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Hoppin' John

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Serves 6

  • To learn more, read:
    How to Make Hoppin' John
  • by from Fine Cooking
    Issue 120

In the South, eating Hoppin’ John—rice and black-eyed peas with pork—is supposed to bring luck (although no one’s quite sure why). Lucky or not, the hearty meal-in-a-bowl is the perfect way to start a new year. This dish is traditionally served with collard greens and cornbread.

For the black-eyed peas
  • 1 lb. (2 cups) dried black-eyed peas
  • 8 oz. hog jowl, salt pork, or bacon, cut into 1/4-inch-thick strips, or 1 smoked ham hock and 1 Tbs. canola oil
  • 1 large sweet or white onion, chopped (about 2 cups)
  • 5 cups lower-salt chicken broth
  • Kosher salt
  • Freshly ground black pepper
For the rice pilaf
  • 1 oz. (2 Tbs.) unsalted butter
  • 1 shallot, chopped (1/4 cup)
  • 1 lb. (2 cups) long-grain rice, such as Carolina Gold, Jasmine, or Basmati
  • Kosher salt
  • Freshly ground black pepper
  • 3-1/2 cups lower-salt chicken broth
  • Jarred sliced banana peppers for garnish
  • Hot sauce for serving
Make the black-eyed peas

Place the peas in a large bowl. Pick through and discard any stones. Add cold water to cover by 2 inches and soak 8 to 24 hours. (For a quick soak, put the peas and water in a large pot and bring to a rolling boil over high heat. Remove from the heat and let soak for 1 hour.) Drain the peas, discarding the water.

Heat a 5- to 6-quart heavy-duty pot over medium heat. If using hog jowl, salt pork, or bacon, add it and cook, stirring occasionally, until browned and crisp and the fat has rendered, about 5 minutes. If using a ham hock, heat the canola oil over medium heat.

Add the onion and cook, stirring occasionally, until softened, 3 to 5 minutes. Add the chicken broth and drained peas (and the ham hock, if using) and bring to a boil. Season with 1 tsp. salt and 1/2 tsp. pepper. Reduce the heat to a simmer and cook, uncovered, until the peas are tender, about 30 minutes. Season to taste with salt and pepper.

Make the pilaf

Position a rack in the center of the oven and heat the oven to 350°F.

Melt the butter in a 4- to 5-quart Dutch oven or other heavy-duty ovenproof pot over medium heat until foaming. Add the shallot and cook, stirring, until softened, 2 to 3 minutes.

Add the rice and cook, stirring constantly, until coated with butter and translucent around the edges, 1 to 2 minutes. Season with 1 tsp. salt and a few grinds of pepper. Add the broth and stir. Bring to a boil, cover with a tight-fitting lid, and transfer to the oven.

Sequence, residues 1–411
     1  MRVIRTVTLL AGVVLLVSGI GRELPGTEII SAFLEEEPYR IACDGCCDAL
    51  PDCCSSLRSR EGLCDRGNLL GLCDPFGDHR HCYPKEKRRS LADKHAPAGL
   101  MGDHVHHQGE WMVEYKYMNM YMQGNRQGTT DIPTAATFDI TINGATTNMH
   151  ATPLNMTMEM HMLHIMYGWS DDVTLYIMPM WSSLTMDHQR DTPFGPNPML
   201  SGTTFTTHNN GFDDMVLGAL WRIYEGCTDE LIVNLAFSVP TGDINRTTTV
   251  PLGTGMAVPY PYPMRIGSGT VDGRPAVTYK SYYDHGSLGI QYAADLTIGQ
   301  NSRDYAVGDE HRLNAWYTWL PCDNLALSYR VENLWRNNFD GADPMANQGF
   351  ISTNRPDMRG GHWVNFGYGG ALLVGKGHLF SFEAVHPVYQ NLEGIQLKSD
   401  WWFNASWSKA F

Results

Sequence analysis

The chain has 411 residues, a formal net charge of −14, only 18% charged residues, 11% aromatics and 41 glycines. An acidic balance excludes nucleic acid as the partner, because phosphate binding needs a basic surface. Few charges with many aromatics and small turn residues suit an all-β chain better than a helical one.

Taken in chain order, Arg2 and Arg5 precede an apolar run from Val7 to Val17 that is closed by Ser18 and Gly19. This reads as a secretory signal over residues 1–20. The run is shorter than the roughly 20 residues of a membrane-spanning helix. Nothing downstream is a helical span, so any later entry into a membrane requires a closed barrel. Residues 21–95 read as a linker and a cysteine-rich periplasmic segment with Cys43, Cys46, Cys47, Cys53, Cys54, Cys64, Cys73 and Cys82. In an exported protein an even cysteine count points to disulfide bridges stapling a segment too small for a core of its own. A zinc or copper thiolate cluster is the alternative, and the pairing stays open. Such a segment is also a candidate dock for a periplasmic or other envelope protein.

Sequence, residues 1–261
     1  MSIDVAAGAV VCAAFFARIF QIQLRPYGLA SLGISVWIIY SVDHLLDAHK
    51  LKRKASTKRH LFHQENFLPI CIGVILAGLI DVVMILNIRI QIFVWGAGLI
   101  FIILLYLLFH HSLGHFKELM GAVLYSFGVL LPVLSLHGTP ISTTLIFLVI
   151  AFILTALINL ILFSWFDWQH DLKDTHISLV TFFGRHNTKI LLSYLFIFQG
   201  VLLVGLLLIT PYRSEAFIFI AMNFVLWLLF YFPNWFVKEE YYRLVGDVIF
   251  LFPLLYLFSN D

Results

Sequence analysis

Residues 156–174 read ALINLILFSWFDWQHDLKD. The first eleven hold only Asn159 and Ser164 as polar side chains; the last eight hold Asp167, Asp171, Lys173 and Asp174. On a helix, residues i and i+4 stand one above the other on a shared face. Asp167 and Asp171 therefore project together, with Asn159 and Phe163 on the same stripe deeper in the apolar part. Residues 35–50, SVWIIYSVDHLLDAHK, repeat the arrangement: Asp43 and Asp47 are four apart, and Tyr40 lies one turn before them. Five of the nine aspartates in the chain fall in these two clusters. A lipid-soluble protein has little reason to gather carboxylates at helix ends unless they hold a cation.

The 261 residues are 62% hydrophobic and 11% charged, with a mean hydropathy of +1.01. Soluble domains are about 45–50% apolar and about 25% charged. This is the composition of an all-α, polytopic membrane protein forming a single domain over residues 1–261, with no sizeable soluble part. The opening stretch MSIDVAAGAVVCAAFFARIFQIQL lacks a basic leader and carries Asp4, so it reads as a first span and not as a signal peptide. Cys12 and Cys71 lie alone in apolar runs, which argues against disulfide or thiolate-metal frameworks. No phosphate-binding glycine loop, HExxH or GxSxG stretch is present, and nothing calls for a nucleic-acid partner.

Bake until the liquid is absorbed and the rice is tender, about 17 minutes. Remove from the oven and let stand, covered, for 5 minutes. Fluff with a fork before serving.

Serve the peas over the rice, garnished with the banana peppers. Pass the hot sauce on the side.

nutrition information (per serving):
Calories (kcal): 870; Fat (g): fat g 38; Fat Calories (kcal): 340; Saturated Fat (g): sat fat g 15; Protein (g): protein g 30; Monounsaturated Fat (g): 17; Carbohydrates (g): carbs g 104; Polyunsaturated Fat (g): 5; Sodium (mg): sodium mg 1030; Cholesterol (mg): cholesterol mg 45; Fiber (g): fiber g 15;

Photo: Scott Phillips

I am already planning a New Year's Day party for next with hoppin' John. A great, simple dish that can be slightly altered depending on what you have on hand. I added celery, used bacon in place of the jowl. Served it with fine cooking recipe for garlicky braised kale with sundried tomatoes, and roasted sweet potatoes with cilantro lime vineagrette. Yummy! Hopefully it brings me luck in 2014

This was easy to make and delicious. The rice was particularly nice and I'll make all my rice that way from now on!

This is a favorite in our family. My father was from the deep south and my grandmother would serve this meal with hot water cornbread (little fried cakes) and sweet potato roasted in the skin. By roasting the sweet potatoes in the skin the natural sugars would be amplified. Green tomato chow-chow would be used in place of the banana peppers. Delicious!!

Even though I live in the south, this was my first time having hoppin' john and both my husband and I were surprised at how much we liked it. Such an unassuming dish with so much flavor. You can read my full review at Taking On Magazines: http://bit.ly/VfldlD

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